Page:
2. We should be able to search by name FIRST. I should be able to type in exactly what I’m looking for, click buy, done. It’s that easy.
I completely agree with this one. The current system allow for no “Title search” of an item. You are required to pick a filter before searching by title, which makes for extremely nice database design and a lot less server load, but annoys users now that they are used to being able to search how they like. This keyword search to narrow down an existing search also does not work very well right now, it only works on a direct match of a keyword (e.g. “Red Goo” not “red go”), which is frustrating as a user.
3. If I’m listing multiple same-item auctions, PLEASE have it memorize what my price was. If I’m leveling up my crafting skill and I made 20 Random-Blue-Chest-Piece-of-***-Kickery, please for the love of all that is Star Wars let me only name my price once rather than making me type the price in 20 times. That is way too many clicks and key presses.
Save the time of the [user]. Any little change that can be done which will make the life of the user better should be done.
4. Include an armor SLOT drop down. Helm, gloves, chest, legs, etc. If I’m looking for a Purple Medium Armor level 47BOOTS, I shouldn’t have to search through pages and pages of chest pieces, leg pieces, and helmets to find it.
This will be an easy fix, and one that I assume Bioware will implement rather quickly. As I mentioned above, all of the data is already classified well, this is just a matter of adding another “filter” which the current UI doesn’t support.
Hit up the original thread to read these. They don’t have anything to do with the system or UI, so it is beyond the scope of this post.
6, 9, 10, 12, 14, 15
Save the time of the [user]. (see #3)
11. Some of the items are currently being listed under the wrong categories. For example, Underworld Trading Fabrics are being listed under Diplomacy.
A bug in a new system that needs to be worked out. Perhaps the metadata for “Underworld Trading Fabrics” is in the wrong part of a database somewhere. Just needs to be looked into on the back end.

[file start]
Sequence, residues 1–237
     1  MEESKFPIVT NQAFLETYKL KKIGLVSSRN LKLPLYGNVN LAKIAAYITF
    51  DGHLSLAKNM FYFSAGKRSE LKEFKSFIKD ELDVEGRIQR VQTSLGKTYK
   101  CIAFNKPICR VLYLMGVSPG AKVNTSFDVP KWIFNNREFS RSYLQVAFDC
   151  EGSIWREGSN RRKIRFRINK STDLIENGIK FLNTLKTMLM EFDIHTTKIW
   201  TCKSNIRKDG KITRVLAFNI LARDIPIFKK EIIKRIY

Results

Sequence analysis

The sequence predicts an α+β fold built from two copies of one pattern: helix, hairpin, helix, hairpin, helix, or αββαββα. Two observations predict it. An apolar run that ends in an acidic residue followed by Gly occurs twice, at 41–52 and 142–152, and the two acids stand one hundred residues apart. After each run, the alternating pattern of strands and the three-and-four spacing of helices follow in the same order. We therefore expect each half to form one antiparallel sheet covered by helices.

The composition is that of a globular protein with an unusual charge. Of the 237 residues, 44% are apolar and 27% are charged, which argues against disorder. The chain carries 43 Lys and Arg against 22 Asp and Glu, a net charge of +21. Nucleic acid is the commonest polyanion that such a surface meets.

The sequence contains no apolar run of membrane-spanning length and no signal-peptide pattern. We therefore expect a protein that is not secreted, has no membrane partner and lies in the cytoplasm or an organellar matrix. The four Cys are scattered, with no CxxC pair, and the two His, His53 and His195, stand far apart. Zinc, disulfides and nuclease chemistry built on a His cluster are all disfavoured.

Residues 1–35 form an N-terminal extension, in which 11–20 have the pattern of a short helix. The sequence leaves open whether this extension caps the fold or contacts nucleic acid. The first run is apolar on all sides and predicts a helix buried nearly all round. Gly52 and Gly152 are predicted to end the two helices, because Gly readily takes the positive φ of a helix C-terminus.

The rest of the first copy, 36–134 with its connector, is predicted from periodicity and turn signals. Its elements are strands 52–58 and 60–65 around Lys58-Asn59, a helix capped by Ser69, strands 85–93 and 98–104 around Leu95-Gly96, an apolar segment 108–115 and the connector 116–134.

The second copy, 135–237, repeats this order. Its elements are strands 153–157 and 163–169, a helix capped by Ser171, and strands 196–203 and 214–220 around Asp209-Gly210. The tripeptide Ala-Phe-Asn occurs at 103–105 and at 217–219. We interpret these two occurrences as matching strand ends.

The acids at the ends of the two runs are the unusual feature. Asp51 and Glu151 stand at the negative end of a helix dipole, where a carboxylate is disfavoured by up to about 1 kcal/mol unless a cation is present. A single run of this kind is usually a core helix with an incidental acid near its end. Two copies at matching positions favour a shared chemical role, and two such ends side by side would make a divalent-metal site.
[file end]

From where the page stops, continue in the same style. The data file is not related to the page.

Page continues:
Simple GTN Additions
Aside from a complete overhaul of the GTN system, there are a few things that Bioware could do to improve upon the current GTN UI. They’re simple changes that will make the lives of all of us users much easier.
1) Alphabetize the drop down menus.
The current drop down menu that is first chosen looks to be ordered by “priority”.
That’s fine for someone who is looking for something at the top of the list, but each user has a different priority. Alphabetizing the list will make it easier for people to scan down the list for what they’re looking for (e.g. I’m looking for a “consumable” so I automatically will look toward the top of the list, instead of the middle where it currently is now). This is by far the easiest change they could make, and it would increase usability so much.*
*Some of their drop downs are alphabetized, some are not. There is very little consistency to it.
2) Make the list shorter / Separate it somehow
The best practice for creating lists like this (a taxonomy) state that you don’t want a list longer than 7-10 terms because the standard user just zones out and stops reading the list. Either make the list shorter (hard), or separate it into different lists for easier reading. Create a hierarchy out of it, just on the list.